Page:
Friday, June 17, 2016

Coming Out As a Divorced Muslim Woman in the African American Community

By Ayisha Karim

Alhamdulillah.  I am very truly happy for you!  So now I ask you to do something that may be hard- pray for your brother and forgive.  I know this period of time has possibly made it hard to see, but he is a good man and a good father. While this may be the best situation, it will also be a cause of suffering for a good man.  He may need that trial but that is up to Allah not us. Also- Allah put you through a big test/hardship and I know you have been pondering and contemplating but think hard on how this struggle is suppose to teach you & improve you- make you a better person, woman, wife, Muslim.  Love you my dear.  Have a beautiful day!


Ayisha on 'Arafat
The above note is a text from a dear friend, a mutual friend of both me and my ex-husband. It came the morning after I sent out a mass text/ fb post, hinting at a personal victory: the judge’s rulings in my trying court, divorce trial. While I understand my friend’s wise advice, it stung me deep to the core. And what, might you ask, led to this initial sting: 1) the small time lapse between my sharing this personal victory and her response to pray for him, OR 2) the fact that it was coming from a female—I imagined a female friend would side with her girlfriend. Perhaps, more pressing than either reason above, it magnified in my mind how the man seems to always get the upper hand, the benefit of the doubt, the second chances within the cultures and communities with which I mostly associate: African-American and Muslim.


Question: Do not women have feelings, and even egos that need stroking, too, giving us full credence to cry out, to FIGHT, to share our stories, to get people to see where we, women, are coming from?? Can’t I share my story with full confidence that God is also with me every step of the way? And is it possible that I too am a “good” woman, and God had me go through this as a means to elevate me to a more peaceful and productive state of being, living, and loving. Couldn’t this all be a gift that God gives to yet another sincere servant?


While the Qur’an, in its discussion of divorce, speaks to the rights men have over women, God also says that, “women shall have similar rights to the rights against them.” I know that this statement of rights is followed up with, “And men have a degree over them.” However, many commentators interpret this as a degree of kindness and responsibility:


“Ibn ‘Abbas is reported to have said, ‘This degree is a reference to men’s encouraging good relations and their generosity toward women in wealth and virtuous behavior, which means that the one possessing the upper hand must be biased against himself”(The Study Quran).


Further, God speaks of parting on peaceful, “equitable” terms:


“It is not lawful for you (men), to take back any of your gifts (from your wives).”  


“When you divorce women, and they fulfill the term of their (Iddat), either take them back on equitable terms or set them free on equitable terms; but do not take them back to injure them, (or) to take undue advantage; if any one does that; he wrongs his own soul.”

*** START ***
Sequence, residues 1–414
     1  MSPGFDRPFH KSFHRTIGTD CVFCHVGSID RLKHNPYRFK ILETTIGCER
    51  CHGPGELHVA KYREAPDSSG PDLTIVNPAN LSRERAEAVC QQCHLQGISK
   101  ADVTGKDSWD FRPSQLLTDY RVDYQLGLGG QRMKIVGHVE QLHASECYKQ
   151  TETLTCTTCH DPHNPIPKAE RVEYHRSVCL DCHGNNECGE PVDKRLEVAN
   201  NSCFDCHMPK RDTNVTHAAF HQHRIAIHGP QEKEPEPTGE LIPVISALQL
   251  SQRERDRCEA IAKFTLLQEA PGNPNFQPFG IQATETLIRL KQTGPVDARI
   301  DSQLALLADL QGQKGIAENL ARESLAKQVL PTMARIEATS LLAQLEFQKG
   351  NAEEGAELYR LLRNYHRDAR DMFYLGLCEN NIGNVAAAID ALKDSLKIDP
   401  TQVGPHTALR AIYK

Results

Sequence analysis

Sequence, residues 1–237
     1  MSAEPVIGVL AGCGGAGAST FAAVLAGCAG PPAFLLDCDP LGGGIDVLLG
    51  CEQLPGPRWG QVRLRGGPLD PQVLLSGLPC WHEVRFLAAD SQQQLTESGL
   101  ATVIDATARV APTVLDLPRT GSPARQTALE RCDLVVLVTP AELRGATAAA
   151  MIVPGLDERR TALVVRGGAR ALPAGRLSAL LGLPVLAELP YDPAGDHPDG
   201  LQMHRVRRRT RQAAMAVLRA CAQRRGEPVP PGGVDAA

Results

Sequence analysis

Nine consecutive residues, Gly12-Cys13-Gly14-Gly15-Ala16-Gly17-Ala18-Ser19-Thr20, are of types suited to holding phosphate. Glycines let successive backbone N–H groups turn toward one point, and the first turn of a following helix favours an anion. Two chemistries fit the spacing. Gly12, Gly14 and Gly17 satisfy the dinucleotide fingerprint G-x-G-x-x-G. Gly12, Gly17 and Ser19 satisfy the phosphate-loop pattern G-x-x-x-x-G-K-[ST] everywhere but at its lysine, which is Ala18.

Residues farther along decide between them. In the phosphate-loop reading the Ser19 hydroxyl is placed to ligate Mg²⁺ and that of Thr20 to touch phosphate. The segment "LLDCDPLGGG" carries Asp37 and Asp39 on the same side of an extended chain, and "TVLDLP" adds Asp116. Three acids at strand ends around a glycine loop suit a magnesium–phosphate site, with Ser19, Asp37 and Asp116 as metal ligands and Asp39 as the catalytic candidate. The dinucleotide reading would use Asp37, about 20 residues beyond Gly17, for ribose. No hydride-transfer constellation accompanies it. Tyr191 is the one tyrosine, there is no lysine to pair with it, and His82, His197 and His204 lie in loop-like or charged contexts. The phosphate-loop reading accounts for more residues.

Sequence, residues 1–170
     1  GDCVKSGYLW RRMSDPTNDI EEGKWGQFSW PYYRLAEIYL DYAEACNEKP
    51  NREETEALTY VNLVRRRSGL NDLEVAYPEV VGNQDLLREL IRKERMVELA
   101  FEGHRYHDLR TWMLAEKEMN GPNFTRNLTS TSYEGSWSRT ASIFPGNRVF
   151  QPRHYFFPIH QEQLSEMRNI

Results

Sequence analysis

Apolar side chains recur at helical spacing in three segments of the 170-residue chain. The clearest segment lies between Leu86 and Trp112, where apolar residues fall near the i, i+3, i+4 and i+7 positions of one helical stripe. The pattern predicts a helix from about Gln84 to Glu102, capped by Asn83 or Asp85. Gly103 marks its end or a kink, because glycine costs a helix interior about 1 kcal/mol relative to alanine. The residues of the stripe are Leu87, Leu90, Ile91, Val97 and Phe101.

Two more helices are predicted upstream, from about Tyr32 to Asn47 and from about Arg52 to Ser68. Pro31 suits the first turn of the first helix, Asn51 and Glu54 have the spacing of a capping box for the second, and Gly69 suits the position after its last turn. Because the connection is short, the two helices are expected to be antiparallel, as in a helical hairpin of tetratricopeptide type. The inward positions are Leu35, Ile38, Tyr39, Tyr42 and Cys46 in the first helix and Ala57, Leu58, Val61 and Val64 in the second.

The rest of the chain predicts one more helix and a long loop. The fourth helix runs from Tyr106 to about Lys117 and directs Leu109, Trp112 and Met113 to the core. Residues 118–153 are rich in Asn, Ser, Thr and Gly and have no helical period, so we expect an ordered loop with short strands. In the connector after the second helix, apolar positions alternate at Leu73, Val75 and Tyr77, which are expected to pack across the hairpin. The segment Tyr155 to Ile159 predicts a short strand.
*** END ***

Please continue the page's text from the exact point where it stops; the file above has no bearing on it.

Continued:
Had my friend even considered how I, the woman, had been treated in this divorce, whether or not I received the rights that are divinely sanctioned for me? Had she considered whether the divorce proceedings were peaceful and just; whether certain gifts that had been given to me during the good times of our marriage been taken from me or withheld to spite me? Perhaps most painful to consider: Had she considered the possibility that I had been abandoned, left to rely on my family?


Instead of considering all these possibilities of a woman being denied her divine rights, my friend was more inclined to think of the feelings of the husband. Unfortunately, this tendency to prioritize men’s egos is not unlike that of many Muslim women, especially happily-married women, and definitely not unlike that of many Muslim men. Many empathize: Oh, it’s so hard being a married man in this society. True. Dare add sentiments about the plight of being a "Black Man in America": Don’t you realize how hard it is for a Black man to be the type of provider [qawwam] he wants to be in this society? Oh, his ego is so fragile; we must, as women, protect his ego and be a comfort to him as he fights against a society that sees him as a threat and fights against discrimination, racism, white privilege, inequality, etc.


*Trust me, God has made me keenly aware of this struggle as the loyal daughter, sister, friend, former lover, and now mother of the Black American man. I’m also grateful for the work of scholars such as Coates, Dr. West, and my cousin Dr. Winters (Duke University) for bringing light to this struggle. Not to be mistaken, a sista is down for the cause; yet and still, I choose God first, and God demands men to protect the rights of women as a sacred duty as my sister Dr. Karim discusses here. Second, I choose the richness of life. I choose to live a full, satisfying life, and growing up, my mother taught me that Ayisha means full of life.


Many of these same men and women, who focus on protecting men, use the following Qur’anic verse to justify their thoughts: